Strong Growth in Commercial Vehicle Market



    Car Shows Johannesburg

    Bus and truck market grew by 19% in 2003; anticipated growth of 10% in 2004.

    South Africa’s truck and bus market grew by 19% in 2003, fuelled by spectacular sales of extra heavy commercial vehicles (over 16.5 ton GVM), which climbed by nearly 36%. The surging sales environment was supported by strong growth in both the medium commercial vehicle and heavy commercial vehicle markets.

    And, says Auto Africa 2004 exhibition director Pula Dippenaar, sales are expected to grow across the market by 10% in 2004.

    Dippenaar says the strong growth in southern Africa can be attributed to three key factors:

    • Gross Domestic Fixed Investment grew by 8,3% in SA during 2003, and is expected to grow by 5% in 2004. Major infrastructural projects such as Coega near Port Elizabeth, Durban’s Ushaka Island Marine Park and the planned developments ahead of the 2010 soccer world cup have driven, and will continue to drive, this growth.
    • Vehicle replacement buying has returned as a major force in SA’s commercial vehicle sector.
    • Vehicle sales will continue to grow on the back of the declining popularity of SA’s rail network. The SA road transport industry finds itself at new levels of regional and international integration, with SA-registered trucks regularly plying the transport routes of sub-Saharan Africa. Locally-sourced  and equipped vehicles have penetrated deep into markets north of the Zambezi, and local importers and assemblers are fully integrated with their global parent networks.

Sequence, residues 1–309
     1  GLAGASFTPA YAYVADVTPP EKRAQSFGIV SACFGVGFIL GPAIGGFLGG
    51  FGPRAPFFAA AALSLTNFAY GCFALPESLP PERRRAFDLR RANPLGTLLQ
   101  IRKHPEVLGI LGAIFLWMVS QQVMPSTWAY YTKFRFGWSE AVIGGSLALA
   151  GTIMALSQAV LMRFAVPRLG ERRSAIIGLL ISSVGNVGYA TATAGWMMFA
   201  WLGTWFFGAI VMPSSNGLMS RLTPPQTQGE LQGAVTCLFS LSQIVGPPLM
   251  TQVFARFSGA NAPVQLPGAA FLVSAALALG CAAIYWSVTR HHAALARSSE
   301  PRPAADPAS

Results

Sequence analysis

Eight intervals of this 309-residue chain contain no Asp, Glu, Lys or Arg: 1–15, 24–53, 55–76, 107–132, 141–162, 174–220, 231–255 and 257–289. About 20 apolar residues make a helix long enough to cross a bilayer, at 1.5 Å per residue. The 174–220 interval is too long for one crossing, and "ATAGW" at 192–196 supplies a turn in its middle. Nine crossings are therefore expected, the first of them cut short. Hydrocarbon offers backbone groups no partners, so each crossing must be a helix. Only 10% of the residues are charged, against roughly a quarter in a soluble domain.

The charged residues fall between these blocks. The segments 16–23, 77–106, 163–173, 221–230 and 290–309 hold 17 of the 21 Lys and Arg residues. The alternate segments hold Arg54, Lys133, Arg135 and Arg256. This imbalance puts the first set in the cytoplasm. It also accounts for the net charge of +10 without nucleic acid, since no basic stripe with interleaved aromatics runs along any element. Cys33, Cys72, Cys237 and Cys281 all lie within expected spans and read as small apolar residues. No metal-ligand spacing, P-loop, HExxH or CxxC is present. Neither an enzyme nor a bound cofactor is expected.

“The success of the heavy commercial vehicle sector – on show in hall nine as well as in various outside displays – will be mirrored at Auto Africa 2004. To date trucking and bus companies have taken 22 000 m2 of space which equates to 30% of the total floor space available,” says Dippenaar. “In anticipation of this, a series of high level conferences focusing specifically on South Africa’s heavy commercial vehicle manufacturing industry will form part of Auto Africa 2004, which runs from 25-31 October at NASREC, south of Johannesburg,” she says.

    Dippenaar says since its launch in 1996, Auto Africa has established itself as an interactive platform to encourage automotive discourse through product display, networking, conferences and workshops.

    Dippenaar points out that there are over 20 brands of trucks and busses available in South Africa – more than on any other continent. This is largely because South Africa has become the heavy commercial vehicle hub of the sub-Saharan Southern Africa and vehicles are exported to neighboring countries via South Africa.

    Another development that has contributed to growth in the commercial vehicle industry – particularly relating to smaller trucks and vans – is the introduction of the just-in-time concept where smaller loads are being requested with the expectation of high-speed delivery.  Since the semi-privatisation of the commuter bus industry five years ago, this sector has also experienced dramatic growth. The tourism industry has also stimulated some demand for smaller luxury coaches.

    Auto Africa Johannesburg

    Auto Africa Expo 2004 has been officially endorsed by NAAMSA, the Retail Motor Industry Organisation (RMI) and the National Association of Automotive Components and Allied Manufacturers (NAACAM).   National Association of Automotive Manufacturers of South Africa (NAAMSA) CEO, Nico Vermeulen, says NAAMSA has endorsed Auto Africa for three consecutive years. “We are fully behind Auto Africa Expo 2004 and privileged to be associated with this world-class event which provides a platform for showcasing, amongst others, the South African trucking and bus industry,” says Vermeulen.